But even still the numbers didn’t equivalent the full amount.  It wasn’t until special notice was taken by the Canada Infrastructure Bank (CIB) seeing the essential services the airport provided for the whole North, including medical transportation, cargo freight, passenger transport for personal and business needs such as the local mine and Hydro.  Even delivering goods to the 37 northern Manitoba communities, including 15 remote Indigenous communities that are only accessible by air and winter icy roads.


As of November 28, 2023 the deal if issuing a $52 Million dollar loan to enable the redevelopment and large-scale upgrading of the airport terminal has now been closed.  This ensuring the completion of the Thompson Regional Airport and now being financed through the CIB’s Indigenous Community Infrastructure Initiative, which lends to projects delivering a direct benefit to Indigenous communities.


CIB managing director of Investments and Indigenous investments; Hillary Thatcher says that the potential this new development will have on the community of the North will have a lot of “culturally appropriate features as well as being able to accommodate a lot of different types of uses” Says Thatcher, “We varied all the grants together along with some of the airports own equity and came up with the right size of financing to make it work”


Airport chairperson; Shumka expressed his gratitude to the CIB, saying that not only did they come through with most the required funds, but they kindly collaborated with them on what the proper approach and most significant business strategy would be for them to take.


“Canada Infrastructure Bank really helped us come up with a business plan and financial modeling so they can account for the changes fairly rapidly and make sure this is financially suitable” Stated Shumka, “They give you longer loan times then you would get from your normal commercial lenders and with a much better interest rate”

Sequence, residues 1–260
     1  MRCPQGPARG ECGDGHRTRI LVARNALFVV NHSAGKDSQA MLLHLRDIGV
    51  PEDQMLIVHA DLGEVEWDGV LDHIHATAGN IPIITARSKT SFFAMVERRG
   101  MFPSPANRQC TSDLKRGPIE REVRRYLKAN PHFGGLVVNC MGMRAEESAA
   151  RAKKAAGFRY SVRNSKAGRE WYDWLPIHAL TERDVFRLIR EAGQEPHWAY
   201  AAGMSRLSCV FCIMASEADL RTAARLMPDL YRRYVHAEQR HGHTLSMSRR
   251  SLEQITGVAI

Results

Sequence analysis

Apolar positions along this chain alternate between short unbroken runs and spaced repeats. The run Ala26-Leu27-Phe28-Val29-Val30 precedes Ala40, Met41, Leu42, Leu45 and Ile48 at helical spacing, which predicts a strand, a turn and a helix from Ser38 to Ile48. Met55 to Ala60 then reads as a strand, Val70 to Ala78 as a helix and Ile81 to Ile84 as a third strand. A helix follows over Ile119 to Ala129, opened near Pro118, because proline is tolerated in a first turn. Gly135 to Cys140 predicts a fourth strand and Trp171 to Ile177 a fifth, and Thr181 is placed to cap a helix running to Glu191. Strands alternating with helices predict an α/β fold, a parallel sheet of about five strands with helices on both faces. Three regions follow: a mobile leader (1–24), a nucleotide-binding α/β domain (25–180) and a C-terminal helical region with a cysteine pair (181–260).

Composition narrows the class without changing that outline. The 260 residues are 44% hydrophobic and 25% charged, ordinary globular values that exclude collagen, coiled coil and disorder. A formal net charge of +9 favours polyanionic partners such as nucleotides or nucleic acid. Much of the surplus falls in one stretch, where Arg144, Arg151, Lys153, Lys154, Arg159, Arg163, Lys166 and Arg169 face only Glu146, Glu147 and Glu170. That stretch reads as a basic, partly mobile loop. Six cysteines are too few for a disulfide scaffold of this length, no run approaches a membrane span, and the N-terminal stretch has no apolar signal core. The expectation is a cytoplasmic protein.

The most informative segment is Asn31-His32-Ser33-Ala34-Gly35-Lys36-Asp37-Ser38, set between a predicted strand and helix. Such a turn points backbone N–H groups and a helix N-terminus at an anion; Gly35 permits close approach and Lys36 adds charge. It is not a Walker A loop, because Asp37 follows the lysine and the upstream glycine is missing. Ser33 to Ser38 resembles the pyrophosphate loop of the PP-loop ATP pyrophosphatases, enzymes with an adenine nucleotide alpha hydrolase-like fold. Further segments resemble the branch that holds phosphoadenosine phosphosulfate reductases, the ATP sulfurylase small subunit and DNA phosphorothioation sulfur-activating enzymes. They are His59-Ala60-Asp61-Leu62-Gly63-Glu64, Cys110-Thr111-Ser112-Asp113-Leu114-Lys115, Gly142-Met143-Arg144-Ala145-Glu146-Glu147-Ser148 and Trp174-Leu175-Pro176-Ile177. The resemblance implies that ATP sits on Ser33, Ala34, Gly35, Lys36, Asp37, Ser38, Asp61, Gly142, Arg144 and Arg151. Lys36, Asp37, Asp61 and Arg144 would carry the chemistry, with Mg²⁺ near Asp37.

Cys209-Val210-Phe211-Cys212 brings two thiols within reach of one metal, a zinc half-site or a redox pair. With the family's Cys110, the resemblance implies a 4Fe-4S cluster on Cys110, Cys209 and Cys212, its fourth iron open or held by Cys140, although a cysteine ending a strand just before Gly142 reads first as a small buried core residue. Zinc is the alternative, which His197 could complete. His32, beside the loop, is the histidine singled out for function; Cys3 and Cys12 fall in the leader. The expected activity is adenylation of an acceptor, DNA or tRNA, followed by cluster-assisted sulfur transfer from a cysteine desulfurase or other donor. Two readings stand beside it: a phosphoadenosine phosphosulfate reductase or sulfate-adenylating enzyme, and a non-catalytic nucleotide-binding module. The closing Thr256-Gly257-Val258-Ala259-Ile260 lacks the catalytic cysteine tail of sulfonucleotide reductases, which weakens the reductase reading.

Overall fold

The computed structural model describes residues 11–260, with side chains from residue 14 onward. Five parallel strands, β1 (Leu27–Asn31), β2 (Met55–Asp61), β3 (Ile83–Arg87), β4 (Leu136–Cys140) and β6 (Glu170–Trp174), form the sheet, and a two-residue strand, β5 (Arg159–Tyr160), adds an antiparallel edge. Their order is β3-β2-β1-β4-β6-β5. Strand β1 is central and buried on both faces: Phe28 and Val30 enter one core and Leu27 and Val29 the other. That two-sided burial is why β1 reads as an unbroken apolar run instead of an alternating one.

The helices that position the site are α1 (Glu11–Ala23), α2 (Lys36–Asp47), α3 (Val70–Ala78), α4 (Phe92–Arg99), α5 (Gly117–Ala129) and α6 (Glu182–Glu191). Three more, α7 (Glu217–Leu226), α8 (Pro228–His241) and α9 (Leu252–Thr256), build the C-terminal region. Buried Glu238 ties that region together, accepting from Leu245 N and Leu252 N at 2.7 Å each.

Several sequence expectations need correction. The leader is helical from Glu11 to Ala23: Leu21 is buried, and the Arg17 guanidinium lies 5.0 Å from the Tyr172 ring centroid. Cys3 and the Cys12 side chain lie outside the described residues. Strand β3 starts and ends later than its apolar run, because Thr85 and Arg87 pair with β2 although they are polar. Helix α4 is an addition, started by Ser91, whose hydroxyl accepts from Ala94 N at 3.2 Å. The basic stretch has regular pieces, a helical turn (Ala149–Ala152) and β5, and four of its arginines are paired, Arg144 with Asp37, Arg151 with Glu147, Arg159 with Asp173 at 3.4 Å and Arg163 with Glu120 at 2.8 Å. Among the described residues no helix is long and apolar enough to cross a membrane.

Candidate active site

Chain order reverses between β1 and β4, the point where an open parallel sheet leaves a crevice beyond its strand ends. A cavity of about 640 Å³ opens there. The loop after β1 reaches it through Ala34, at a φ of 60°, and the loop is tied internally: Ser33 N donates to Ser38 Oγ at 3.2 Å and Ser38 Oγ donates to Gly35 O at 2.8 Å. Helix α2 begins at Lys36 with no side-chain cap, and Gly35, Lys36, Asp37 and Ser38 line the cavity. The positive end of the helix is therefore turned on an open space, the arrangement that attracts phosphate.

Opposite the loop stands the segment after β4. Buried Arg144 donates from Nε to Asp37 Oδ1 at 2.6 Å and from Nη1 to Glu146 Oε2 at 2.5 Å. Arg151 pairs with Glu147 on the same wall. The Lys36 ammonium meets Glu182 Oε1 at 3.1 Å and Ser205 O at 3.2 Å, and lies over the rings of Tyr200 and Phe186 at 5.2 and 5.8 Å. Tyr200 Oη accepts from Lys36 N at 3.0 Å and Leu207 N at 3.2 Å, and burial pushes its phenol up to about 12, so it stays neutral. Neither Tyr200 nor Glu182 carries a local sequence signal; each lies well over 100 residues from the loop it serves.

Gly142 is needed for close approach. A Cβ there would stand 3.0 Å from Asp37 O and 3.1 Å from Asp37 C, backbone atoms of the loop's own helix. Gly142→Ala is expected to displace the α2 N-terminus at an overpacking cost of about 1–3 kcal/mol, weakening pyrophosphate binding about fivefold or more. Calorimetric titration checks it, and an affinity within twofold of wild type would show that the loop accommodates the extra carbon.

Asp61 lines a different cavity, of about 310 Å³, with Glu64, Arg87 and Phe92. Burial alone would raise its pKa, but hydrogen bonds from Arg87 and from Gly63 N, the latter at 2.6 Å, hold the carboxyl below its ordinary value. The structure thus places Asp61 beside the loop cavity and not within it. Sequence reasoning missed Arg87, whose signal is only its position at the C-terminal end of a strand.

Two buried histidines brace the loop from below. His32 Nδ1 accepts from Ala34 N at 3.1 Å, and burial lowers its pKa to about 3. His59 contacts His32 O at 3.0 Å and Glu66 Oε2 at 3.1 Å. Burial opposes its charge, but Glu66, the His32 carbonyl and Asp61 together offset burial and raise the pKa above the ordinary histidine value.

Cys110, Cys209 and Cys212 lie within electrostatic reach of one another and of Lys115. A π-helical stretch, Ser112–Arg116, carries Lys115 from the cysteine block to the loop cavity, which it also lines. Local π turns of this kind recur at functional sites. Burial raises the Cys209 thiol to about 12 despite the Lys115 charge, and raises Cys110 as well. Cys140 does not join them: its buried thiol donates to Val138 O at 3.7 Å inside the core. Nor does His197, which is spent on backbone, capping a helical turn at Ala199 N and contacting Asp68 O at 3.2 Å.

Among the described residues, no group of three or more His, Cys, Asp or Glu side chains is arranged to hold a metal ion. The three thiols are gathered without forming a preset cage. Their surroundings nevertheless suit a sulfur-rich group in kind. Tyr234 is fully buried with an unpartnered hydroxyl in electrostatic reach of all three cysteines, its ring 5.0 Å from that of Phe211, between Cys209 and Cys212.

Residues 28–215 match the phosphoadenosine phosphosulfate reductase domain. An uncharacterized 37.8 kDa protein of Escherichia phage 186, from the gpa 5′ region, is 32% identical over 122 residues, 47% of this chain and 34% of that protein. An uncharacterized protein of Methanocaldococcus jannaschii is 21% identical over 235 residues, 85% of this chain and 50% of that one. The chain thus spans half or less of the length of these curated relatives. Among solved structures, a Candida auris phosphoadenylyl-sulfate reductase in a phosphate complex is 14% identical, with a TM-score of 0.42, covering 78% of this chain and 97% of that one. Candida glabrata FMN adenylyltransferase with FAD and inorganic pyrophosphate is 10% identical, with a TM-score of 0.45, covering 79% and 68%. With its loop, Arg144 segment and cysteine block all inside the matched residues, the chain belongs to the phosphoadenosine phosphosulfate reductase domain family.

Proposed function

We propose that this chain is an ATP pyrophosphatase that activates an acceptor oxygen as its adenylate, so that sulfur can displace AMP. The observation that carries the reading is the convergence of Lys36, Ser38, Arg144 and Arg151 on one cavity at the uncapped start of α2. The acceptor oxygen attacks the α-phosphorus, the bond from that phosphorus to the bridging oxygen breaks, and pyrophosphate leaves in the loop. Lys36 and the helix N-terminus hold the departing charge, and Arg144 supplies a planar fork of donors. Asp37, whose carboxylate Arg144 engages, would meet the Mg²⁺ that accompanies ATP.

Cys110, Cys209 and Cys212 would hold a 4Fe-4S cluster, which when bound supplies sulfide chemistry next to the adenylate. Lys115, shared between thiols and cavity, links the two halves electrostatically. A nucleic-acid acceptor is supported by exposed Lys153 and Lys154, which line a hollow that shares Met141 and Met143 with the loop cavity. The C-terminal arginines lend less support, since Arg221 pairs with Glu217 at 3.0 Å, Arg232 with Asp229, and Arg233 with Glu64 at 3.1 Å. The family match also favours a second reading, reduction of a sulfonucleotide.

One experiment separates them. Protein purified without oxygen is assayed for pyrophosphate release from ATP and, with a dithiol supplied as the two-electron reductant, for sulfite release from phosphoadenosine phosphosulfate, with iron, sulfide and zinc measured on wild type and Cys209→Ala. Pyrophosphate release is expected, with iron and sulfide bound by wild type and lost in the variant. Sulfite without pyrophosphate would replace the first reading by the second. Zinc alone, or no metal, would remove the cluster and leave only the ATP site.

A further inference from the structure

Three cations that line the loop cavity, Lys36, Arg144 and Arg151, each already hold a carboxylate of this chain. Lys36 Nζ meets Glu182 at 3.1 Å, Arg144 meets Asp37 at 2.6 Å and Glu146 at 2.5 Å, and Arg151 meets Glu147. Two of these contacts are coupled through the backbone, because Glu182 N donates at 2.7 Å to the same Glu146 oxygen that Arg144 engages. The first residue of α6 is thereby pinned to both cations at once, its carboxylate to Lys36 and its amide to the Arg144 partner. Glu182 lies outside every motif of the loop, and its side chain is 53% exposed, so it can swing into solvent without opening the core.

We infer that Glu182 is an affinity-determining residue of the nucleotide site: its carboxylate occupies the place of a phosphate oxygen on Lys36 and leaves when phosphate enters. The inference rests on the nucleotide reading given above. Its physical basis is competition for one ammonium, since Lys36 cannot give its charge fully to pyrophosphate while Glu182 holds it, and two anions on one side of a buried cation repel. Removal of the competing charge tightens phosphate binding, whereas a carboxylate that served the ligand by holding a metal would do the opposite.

Thompson is the Hub of the North, serving a region of 65,000 people. Northern Manitobans rely on the Thompson Regional Airport to travel to and from the City of Thompson for work, education, shopping, tourism and health care. This historic investment in important northern infrastructure is great news for the airport, for Thompson and for the north.


"This is a historic event that will leave a lasting legacy in northern Manitoba. The support provided by the Canada Infrastructure Bank, the Disaster Mitigation and Adaptation Fund and the Province of Manitoba shows a significant commitment to ensuring Thompson remains a regional hub for the economic and social well being of all northern citizens and will lay the foundations to look after future generations to come.” Shumka concludes.


Following project completion, the airport will continue supporting long-term access to critical goods and services as the current reconstruction is scheduled to be concluded end of 2024, expanding from a previous 10,000 square foot building to 40,000 square feet.  The project also ensures the airport’s operational safety as well as supporting the region’s critical mineral mining opportunities, growing cargo and passenger travel needs.


~Matthias J. Johnson is a Local Journalism Initiative reporter who works out of the Thompson Citizen.  The Local Journalism Initiative is funded by the Government of Canada.